they almost got me under a new number 773-598-8290
daily calls to my cell anyone know who this is.
i recieve a phone call from these muthaf*ckers 347-983-0705 stating i had $5730 waiting for me. his name is chris thompson and he had an accent and every time i told him what is the name of your company he says u.s government. he told me to pay $399 to get the money but i refuse. this is a reminder government money is free and they come in the mail by checks. you're not suppose to pay any money.
The guys name was Lee Gibson and said I was elligable for $4,455.00 in grants from the Government Grant Dept. He wanted me to deposit $199.00 inot their account in order for me to get the grant money. I obviously refused! What a scam. When I questioned him as to the validity of this, he said, "Well, if you don't believe me then we have nothing more to take about," and hung up on me.
I received a call a few minutes ago from an unknown number. The person claimed their name was Dennis Nelson. He also stated that he was from the U. S. Federal Government and claimed that since I paid my taxes on time that I was getting a grant for $6500. All I had to do was to go to a location near my house. I would get a phone call from someone within 10 mins to tell me what location. I was required to pay $200 but would get that immediately back once they verified who I was. So I immediately went on the internet and put in the address of 233 North Michigan Avenue, Building 200, Chicago Ill, 60601. This did not come up as a federal building. So I typed the phone number in the internet and saw there were many complaints. I have called the number back and told them that I am aware this is a scam and to not call my number any more. I am so glad that I was smart enough to not divulge any information to this man.
mad in Michigan
I do have to say, if they want people to believe them, wouldn't they use people with American accents? or is that just me??? I also tried to call the number, it rang and then I got a busy signal.
mad in Michigan
I got the same call from Dennis Nelson (Indian accent). When his supervisor called I questioned him about it and he got mad, swore at me, called me names and hung up. Hopefully I don't get another call.
I got the same call as all of you. I get them all the time. I tried to report it to the Chicago Police and they said since I live in California there is nothing they can do. I told the police that I had the Chicago address and Chicago phone number they gave me and the police officer didn't seem to care one bit and hung up on me. SHAME ON YOU CHICAGO POLICE DEPARTMENT I tried to give them the info. and they didn't want it. SHAME ON YOU CHICAGO POLICE DEPARTMENT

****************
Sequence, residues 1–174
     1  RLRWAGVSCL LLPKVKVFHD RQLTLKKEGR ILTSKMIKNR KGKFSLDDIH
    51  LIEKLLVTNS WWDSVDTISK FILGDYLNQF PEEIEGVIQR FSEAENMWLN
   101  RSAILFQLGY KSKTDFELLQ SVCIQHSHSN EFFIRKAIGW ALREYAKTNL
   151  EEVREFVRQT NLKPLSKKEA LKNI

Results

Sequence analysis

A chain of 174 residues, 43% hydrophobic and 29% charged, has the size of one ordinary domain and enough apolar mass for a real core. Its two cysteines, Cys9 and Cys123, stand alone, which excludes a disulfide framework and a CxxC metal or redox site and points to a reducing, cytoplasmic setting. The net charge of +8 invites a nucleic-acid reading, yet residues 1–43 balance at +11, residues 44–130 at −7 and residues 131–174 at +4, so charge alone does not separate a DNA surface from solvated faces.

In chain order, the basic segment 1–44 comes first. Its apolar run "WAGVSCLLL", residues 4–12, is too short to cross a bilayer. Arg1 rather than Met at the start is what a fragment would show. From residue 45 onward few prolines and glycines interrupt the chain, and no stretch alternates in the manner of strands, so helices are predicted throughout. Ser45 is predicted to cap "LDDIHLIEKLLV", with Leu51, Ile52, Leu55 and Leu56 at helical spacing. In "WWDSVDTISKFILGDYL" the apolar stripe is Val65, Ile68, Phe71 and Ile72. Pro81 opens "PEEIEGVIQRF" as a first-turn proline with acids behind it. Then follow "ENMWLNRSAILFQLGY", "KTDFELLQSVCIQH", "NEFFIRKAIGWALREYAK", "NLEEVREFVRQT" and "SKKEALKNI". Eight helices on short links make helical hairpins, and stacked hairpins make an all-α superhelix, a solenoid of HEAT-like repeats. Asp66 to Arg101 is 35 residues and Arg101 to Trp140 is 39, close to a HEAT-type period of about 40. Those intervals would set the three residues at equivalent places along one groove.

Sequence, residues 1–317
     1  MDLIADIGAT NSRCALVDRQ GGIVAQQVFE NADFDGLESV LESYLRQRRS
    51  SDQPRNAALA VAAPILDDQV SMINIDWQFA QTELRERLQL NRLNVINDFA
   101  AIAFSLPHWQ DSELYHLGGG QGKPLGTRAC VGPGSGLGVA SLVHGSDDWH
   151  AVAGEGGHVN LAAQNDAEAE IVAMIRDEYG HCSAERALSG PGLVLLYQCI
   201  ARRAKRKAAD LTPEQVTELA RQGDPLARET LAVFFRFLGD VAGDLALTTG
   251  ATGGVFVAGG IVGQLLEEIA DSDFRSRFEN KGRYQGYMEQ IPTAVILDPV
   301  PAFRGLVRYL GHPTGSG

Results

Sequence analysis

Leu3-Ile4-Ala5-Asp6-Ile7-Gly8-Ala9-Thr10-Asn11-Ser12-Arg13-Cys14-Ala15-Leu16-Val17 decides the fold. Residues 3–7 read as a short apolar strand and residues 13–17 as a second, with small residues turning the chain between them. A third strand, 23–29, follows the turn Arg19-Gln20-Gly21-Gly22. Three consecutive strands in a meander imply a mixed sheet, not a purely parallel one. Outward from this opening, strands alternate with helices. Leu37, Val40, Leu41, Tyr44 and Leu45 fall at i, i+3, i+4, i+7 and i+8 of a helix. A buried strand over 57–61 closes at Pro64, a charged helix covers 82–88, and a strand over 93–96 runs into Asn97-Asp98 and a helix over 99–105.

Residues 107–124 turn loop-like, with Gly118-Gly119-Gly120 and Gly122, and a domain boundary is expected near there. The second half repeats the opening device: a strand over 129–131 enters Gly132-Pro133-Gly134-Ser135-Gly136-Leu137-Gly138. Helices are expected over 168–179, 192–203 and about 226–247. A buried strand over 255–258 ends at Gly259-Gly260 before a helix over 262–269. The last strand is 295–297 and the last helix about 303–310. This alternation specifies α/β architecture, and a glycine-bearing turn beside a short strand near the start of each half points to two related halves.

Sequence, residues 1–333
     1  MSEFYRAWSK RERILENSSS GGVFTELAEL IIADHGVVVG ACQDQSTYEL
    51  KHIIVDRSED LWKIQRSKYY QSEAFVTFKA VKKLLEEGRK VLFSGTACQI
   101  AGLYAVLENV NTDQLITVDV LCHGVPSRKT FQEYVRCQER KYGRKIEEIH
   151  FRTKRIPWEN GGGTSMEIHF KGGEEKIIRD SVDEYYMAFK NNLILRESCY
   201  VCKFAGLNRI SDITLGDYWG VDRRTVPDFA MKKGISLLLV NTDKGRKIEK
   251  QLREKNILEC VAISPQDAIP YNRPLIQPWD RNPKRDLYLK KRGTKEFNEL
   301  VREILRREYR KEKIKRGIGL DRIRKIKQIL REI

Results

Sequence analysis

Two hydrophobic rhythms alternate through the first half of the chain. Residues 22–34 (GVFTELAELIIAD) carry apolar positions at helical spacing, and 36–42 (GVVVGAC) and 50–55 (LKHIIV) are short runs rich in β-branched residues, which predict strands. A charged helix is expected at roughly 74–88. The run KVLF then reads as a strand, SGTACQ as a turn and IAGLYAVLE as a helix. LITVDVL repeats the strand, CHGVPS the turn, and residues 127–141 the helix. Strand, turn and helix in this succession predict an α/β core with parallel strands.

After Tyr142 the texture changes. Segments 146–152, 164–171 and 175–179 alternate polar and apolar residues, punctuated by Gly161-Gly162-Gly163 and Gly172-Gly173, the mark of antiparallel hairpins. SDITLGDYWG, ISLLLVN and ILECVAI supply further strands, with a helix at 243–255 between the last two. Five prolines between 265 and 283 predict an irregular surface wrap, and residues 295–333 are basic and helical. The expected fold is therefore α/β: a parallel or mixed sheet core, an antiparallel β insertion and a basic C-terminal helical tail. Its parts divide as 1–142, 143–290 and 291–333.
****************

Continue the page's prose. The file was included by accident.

In addition to what I said above, the guy told me his name was Eric Jones. That's pretty plain for a guy with a east Indian accent from Australia.
Individual with an East Indian accent told me he calling was from Chicago. I played along and heard all of the same B.S. as above. I then asked him again where he was from and he said Michigan. I called him out on this and he then said that he was actually calling from Michigan and that he was from Australia. REALLLLY??? I asked him what city and after bumbling a bit he said western Australia. Then I asked what CITY and he said Brisbane, Queensland. I then called him out on his extremely poor geographical skills and asked multiple questions about the company he was working for until he hung up.
It was pretty fun, actually.
My Dad received the same phone call... I did a reverse phone search and the phone number has an unidentified owner. I also looked up the government offices at 233 Michigan Ave. I am a financial advisor and entrepreneur and have used services to apply for grant money. This is not that!
Watch out!!! Ed
EFFING INDIAN B*****DS! This is a complete scam and everyone that receives this call should call the number given to you (773-382-0010) every minute for 2 days straight and curse them out so that they never call AMERICA again!
Just received a call from "Sean White" (with a distinct Indian accent) assuring me I had been chosen for a $7,000 "taxpayers grant" because I was such a dedicated taxpayer! He gave his agent # as 0972. He represented himself as working for the US Government Grants Dept. (no such department in the government) giving me an address in Chicago and phone number to verify (773-382-0010). He indicated that he would transfer me to someone who would give me further information. I told him I would call the above number and inquired as to whom I should speak with. I was given the name "Alex Smith". Upon hanging up I called the number which rang twice and went to a busy signal (every time). There was no doubt in my mind this was a scam but I had let him babble about bringing an ID and $199.00 to a to be advised location. Of course the $199.00 would be refunded immediately along with my $7,000. I figure at some point he knew he didn't have bite! I am a senior in North Carolina and have every intention of reporting this Monday morning. We all need to do our part to stop this deception. Things in our government and personal lives are bad enough without this CRAP